The primary responsibility of Air Force Office of Special Investigations (AFOSI) is to provide major Air Force investigative services to Air Force commanders. AFOSI efficiently conducts thorough and professional investigations that enable commanders to take appropriate judicial or administrative action based on the facts in cases of criminal or fraudulent activity. AFOSI also conducts counterintelligence, antiterrorism and personal protective service operations.

Because of today’s peacekeeping role, the U.S. Air Force is a primary target of hostile intelligence. As a combat support organization, AFOSI is the Air Force’s primary arm to counter this threat.

All special agents are assigned work independently of base authorities, although not without coordination with the appropriate commander.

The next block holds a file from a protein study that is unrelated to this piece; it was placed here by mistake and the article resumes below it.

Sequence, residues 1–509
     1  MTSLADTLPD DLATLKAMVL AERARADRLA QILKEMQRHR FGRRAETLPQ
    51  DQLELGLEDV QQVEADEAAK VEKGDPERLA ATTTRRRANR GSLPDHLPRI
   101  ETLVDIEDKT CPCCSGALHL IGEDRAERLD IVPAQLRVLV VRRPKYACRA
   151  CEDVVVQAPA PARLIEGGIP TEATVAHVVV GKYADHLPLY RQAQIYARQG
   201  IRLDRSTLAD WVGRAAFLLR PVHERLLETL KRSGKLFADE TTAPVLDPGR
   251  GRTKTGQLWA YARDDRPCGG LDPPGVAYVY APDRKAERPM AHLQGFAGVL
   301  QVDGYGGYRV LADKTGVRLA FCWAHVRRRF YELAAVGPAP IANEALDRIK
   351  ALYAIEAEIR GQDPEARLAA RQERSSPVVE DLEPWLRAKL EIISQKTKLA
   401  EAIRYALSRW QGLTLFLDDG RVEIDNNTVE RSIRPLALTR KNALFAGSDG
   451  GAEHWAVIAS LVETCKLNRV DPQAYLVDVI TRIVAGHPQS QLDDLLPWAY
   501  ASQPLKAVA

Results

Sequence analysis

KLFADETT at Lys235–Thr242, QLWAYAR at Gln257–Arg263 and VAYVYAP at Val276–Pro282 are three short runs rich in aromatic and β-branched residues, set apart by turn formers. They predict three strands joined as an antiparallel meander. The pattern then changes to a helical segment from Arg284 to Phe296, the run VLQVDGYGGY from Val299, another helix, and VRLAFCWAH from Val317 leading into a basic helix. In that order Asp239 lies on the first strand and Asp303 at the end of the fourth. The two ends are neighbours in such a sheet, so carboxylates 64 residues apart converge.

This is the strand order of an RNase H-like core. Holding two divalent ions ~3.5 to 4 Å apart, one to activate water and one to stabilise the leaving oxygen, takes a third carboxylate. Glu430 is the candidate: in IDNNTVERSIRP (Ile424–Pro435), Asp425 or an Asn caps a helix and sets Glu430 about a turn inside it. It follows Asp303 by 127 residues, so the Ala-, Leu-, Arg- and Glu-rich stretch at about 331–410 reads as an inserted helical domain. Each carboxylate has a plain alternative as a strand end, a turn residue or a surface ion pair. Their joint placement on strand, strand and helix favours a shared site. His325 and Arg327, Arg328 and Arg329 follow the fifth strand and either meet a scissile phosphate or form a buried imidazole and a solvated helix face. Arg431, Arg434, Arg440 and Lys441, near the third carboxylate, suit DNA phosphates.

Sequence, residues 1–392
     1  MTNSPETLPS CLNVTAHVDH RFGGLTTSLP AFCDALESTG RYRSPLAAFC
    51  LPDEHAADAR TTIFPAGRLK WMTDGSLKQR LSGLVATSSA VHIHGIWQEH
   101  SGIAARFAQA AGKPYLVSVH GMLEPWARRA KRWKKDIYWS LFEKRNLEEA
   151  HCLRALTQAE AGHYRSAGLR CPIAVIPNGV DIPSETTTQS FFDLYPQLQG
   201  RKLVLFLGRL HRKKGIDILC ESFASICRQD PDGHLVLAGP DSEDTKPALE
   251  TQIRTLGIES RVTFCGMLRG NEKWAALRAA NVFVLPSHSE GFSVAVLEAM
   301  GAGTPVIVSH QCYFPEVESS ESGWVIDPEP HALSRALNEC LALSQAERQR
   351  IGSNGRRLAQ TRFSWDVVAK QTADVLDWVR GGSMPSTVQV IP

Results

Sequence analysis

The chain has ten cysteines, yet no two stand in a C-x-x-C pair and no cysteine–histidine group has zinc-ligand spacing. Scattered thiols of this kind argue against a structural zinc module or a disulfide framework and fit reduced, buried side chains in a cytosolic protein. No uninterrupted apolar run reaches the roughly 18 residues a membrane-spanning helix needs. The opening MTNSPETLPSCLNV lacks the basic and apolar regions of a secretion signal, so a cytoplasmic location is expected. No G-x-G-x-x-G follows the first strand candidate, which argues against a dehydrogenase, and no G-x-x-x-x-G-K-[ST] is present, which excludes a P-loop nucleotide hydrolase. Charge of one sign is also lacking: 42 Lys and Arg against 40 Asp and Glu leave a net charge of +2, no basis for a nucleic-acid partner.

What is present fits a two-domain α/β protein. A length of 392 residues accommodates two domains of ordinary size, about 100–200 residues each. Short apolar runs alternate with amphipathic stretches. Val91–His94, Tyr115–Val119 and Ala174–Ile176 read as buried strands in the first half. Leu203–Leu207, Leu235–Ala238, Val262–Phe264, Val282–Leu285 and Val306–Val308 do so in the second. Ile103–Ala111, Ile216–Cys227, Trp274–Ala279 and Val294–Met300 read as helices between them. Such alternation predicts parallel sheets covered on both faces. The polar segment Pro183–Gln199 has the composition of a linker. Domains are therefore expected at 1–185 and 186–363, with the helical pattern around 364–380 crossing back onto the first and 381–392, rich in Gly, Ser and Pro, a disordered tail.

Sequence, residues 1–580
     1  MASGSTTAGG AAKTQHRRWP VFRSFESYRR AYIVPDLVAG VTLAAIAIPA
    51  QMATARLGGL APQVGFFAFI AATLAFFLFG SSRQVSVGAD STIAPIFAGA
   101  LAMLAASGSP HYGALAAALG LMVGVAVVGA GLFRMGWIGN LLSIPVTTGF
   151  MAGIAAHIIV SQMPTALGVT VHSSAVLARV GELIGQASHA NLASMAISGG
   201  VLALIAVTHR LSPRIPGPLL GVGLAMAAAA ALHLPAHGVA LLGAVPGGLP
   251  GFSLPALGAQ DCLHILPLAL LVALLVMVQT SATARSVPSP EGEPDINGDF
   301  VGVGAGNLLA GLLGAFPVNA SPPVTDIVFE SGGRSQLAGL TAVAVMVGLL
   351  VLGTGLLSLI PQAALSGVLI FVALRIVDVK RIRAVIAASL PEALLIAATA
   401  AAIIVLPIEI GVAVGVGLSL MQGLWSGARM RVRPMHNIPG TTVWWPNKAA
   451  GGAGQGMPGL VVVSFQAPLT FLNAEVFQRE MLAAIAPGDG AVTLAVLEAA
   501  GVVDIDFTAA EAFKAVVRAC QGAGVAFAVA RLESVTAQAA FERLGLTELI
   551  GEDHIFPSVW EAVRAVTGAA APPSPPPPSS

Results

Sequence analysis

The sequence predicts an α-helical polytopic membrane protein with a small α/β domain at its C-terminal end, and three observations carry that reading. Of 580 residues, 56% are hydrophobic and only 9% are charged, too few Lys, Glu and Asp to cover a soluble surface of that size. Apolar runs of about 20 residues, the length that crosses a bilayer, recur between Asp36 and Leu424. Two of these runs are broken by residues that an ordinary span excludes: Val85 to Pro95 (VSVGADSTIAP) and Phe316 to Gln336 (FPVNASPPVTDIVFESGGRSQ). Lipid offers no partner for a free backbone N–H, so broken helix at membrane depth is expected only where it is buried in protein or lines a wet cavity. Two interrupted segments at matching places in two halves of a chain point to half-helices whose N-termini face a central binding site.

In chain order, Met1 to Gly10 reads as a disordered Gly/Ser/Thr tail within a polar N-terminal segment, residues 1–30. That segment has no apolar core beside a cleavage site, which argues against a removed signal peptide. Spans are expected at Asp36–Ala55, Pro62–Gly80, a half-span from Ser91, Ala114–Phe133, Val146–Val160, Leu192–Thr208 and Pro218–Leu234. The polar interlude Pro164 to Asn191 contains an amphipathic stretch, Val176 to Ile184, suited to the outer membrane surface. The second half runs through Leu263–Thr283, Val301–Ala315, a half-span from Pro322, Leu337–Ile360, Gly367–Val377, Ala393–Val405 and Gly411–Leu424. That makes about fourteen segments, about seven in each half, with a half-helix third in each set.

At times, allegations to be investigated can go and have gone beyond a particular Air Force facility. In these cases, AFOSI serves as the primary point of contact between the Air Force and other international, federal, state and local authorities, which might have an interest in or can lend support to a particular investigation. This investigative liaison ensures complete and comprehensive investigative results for Air Force commanders. Assigned special agents include both active-duty and Reserve Airmen as well as Air Force civilians who report directly to the Detachment 421 commander.

AIR FORCE AUDIT AGENCY

The Air Force Audit Agency provides all levels of Air Force management with independent, objective and quality audit services that include:

  • Reviewing and promoting economical, effective and efficient operations.
  • Evaluating programs and activities and assisting management in achieving intended results.
  • Assessing and improving Air Force fiduciary stewardship and the accuracy of financial reporting.